When considering a change in the farm enterprise mix, it must be established whether there is sufficient land, labour and capital to implement the proposed change. The technical feasibility of any enterprise change will depend on the type and availability of physical resources, such as soil type, rainfall, labour, yard and handling facilities, and pasture type as well as other factors such as the expertise required. For example, if you are considering another crop, have you the expertise to grow it? Is it suitable to your area or soil type? Does the crop fit in with the farm's labour availability? Does specialist machinery have to be purchased?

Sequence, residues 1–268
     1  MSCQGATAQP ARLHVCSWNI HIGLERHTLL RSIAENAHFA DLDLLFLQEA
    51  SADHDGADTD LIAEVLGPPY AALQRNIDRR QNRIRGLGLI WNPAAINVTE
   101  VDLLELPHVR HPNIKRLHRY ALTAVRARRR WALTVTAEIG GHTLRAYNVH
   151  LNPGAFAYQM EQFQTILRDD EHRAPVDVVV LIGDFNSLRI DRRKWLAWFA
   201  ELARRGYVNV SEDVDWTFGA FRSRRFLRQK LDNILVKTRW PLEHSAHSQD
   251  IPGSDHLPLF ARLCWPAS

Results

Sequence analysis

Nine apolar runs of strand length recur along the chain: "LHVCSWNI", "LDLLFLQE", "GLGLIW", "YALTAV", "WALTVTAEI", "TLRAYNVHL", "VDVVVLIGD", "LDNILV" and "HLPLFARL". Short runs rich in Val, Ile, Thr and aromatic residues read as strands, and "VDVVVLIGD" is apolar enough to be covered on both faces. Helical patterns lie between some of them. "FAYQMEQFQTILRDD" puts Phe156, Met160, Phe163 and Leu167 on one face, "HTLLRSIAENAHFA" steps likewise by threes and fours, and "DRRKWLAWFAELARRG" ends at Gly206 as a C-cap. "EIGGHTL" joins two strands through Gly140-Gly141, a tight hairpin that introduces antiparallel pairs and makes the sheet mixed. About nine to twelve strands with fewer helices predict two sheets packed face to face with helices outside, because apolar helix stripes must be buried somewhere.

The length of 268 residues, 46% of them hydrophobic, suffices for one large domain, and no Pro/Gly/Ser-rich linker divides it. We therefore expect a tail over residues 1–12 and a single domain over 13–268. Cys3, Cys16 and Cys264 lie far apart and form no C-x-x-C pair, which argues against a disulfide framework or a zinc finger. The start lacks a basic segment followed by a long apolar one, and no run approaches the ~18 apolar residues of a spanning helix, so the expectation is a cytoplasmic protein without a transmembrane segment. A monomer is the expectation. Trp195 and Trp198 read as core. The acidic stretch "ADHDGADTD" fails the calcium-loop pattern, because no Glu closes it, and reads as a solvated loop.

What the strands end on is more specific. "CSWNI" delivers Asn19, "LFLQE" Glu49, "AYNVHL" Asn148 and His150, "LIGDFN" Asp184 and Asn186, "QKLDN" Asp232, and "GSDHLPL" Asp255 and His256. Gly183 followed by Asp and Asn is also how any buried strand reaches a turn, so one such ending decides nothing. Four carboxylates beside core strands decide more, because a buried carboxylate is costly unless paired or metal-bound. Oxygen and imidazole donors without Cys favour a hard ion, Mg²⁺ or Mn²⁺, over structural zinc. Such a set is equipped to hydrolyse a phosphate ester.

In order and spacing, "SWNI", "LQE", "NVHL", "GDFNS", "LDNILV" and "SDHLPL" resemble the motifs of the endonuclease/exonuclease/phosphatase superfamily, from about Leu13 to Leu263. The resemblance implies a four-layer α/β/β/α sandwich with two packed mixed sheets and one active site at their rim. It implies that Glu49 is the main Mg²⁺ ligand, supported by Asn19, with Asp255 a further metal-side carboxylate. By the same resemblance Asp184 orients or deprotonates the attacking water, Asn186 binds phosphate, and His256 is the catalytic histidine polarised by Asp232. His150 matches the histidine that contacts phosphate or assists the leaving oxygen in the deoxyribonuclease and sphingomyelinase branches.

The proposed change must also be considered on a whole farm basis because a change in one enterprise may affect other farm enterprises. For example, expanding a breeding enterprise could significantly reduce the amount of labour available for other enterprises at critical times.

Additional capital may also be required to facilitate investment in additional machinery or improvements. When more capital is required, it is important to calculate the percentage return on the marginal (or extra) capital invested. This is calculated by expressing the expected change in profit as a percentage of the extra capital required:

Return on extra
capital (%)
= Expected change
in profit ($)
÷ Extra capital
invested ($)
× 100

This return should be high enough to repay loans and account for the risk involved in physical production and price volatility. A return of at least 20% is desirable.

Technical efficiency of the current enterprise

Before considering a change in the farm plan, examine the performance of current enterprises. Gross margins may be improved through better management or by the adoption of new techniques, for example: